Psychotic disorders are severe mental disorders that cause abnormal thinking and perceptions. People with psychoses lose touch with reality. Two of the main symptoms are delusions and hallucinations. Delusions are false beliefs, such as thinking that someone is plotting against you or that the TV is sending you secret messages. Hallucinations are false perceptions, such as hearing, seeing, or feeling something that is not there.
Schizophrenia is one type of psychotic disorder. People with bipolar disorder may also have psychotic symptoms. Other problems that can cause psychosis include alcohol and some drugs, brain tumors, brain infections, and stroke.
Treatment depends on the cause of the psychosis. It might involve drugs to control symptoms and talk therapy. Hospitalization is an option for serious cases where a person might be dangerous to himself or others.
- Fact Sheet: Early Warning Signs of Psychosis (National Institute of Mental Health)
Treatments and Therapies
- Brain Stimulation Therapies (National Institute of Mental Health)
- Coordinated Specialty Care Fact Sheet and Checklist (National Institute of Mental Health)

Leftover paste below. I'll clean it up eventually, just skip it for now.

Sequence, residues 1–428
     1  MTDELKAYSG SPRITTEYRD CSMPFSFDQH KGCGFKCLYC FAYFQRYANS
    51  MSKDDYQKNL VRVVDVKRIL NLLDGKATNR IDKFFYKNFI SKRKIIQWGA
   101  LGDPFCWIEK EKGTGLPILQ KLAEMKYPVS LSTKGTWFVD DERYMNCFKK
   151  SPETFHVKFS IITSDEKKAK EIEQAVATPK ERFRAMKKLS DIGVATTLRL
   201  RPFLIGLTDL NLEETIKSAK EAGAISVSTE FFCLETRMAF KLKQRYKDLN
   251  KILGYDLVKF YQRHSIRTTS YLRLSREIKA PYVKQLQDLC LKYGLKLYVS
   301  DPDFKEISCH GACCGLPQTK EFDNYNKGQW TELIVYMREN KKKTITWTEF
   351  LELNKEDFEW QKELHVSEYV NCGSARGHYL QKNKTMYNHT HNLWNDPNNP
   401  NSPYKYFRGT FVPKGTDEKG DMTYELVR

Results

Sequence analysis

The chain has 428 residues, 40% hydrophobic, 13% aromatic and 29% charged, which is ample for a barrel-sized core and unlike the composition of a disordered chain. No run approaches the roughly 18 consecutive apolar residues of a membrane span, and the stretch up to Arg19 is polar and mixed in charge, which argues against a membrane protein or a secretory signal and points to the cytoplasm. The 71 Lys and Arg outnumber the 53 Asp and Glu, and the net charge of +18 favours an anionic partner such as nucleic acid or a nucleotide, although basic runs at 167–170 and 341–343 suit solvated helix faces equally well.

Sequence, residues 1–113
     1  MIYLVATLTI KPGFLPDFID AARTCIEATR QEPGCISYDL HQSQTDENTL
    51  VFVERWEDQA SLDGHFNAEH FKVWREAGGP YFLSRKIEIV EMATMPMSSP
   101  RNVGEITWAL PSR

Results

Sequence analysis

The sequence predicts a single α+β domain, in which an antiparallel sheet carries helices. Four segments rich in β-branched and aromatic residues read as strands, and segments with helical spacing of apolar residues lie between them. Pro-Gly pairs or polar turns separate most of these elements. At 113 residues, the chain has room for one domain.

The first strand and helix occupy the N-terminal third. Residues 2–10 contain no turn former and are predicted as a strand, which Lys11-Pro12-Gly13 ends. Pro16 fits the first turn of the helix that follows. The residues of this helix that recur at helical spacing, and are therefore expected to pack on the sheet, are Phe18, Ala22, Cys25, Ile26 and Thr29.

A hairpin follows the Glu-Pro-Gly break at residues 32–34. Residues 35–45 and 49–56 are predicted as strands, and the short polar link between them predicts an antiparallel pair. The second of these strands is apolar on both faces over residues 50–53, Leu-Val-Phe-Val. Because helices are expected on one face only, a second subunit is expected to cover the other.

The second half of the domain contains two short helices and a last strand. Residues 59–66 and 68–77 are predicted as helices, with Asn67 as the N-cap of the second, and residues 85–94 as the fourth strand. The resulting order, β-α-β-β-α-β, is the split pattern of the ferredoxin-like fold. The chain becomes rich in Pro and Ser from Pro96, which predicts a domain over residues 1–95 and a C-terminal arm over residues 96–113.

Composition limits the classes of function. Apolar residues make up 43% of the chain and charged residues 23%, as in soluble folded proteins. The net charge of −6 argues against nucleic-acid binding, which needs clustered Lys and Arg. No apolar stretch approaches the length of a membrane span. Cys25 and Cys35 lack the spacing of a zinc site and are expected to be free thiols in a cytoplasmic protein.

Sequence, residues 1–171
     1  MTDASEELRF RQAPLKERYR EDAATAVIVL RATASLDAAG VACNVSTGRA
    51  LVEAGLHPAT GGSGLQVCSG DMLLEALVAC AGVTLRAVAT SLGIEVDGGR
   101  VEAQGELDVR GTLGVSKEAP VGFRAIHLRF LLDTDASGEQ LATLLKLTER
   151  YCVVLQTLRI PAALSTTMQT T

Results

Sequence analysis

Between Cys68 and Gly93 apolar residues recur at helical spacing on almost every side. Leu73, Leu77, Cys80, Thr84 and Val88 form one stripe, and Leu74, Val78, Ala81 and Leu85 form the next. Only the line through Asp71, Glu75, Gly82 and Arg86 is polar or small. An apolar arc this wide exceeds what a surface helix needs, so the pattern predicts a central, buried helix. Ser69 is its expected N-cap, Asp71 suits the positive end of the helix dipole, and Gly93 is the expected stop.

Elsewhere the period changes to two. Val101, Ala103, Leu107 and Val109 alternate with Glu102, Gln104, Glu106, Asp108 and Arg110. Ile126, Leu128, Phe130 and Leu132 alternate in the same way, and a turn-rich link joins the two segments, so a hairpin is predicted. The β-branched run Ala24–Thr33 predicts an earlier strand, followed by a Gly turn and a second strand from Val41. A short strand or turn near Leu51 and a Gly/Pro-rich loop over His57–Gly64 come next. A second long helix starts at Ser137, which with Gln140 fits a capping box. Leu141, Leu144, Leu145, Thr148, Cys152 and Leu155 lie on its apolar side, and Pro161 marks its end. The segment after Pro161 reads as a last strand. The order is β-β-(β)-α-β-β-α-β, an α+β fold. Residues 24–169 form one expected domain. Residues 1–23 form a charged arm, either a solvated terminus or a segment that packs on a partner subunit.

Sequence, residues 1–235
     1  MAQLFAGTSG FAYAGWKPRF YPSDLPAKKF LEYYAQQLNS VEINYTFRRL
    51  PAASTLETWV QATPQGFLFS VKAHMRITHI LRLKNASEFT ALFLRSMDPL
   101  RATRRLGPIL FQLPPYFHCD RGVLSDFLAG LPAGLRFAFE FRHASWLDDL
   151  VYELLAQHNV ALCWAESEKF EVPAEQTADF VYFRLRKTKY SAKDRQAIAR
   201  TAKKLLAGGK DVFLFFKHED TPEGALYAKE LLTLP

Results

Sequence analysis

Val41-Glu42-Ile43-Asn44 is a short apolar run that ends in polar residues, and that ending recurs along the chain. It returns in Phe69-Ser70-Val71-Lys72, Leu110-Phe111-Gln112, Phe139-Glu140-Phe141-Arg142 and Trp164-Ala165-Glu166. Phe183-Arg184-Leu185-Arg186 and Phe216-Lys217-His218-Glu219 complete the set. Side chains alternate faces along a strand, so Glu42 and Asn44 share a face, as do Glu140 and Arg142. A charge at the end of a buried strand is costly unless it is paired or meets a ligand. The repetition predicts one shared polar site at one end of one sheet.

- Mental Health Medications (National Institute of Mental Health)
- Psychotherapies (National Institute of Mental Health)
- What Is Psychiatry? (American Psychiatric Association)
- Neuroleptic Malignant Syndrome (National Institute of Neurological Disorders and Stroke)
- Genetics Home Reference: PPM-X syndrome (National Library of Medicine)
- ClinicalTrials.gov: Psychotic Disorders (National Institutes of Health)
Journal ArticlesReferences and abstracts from MEDLINE/PubMed (National Library of Medicine)
Find an Expert
- American Psychiatric Association
- Behavioral Health and Substance Abuse Treatment Services Locator (Substance Abuse and Mental Health Services Administration)
- National Institute of Mental Health
- Hearing Voices and Seeing Things (American Academy of Child and Adolescent Psychiatry)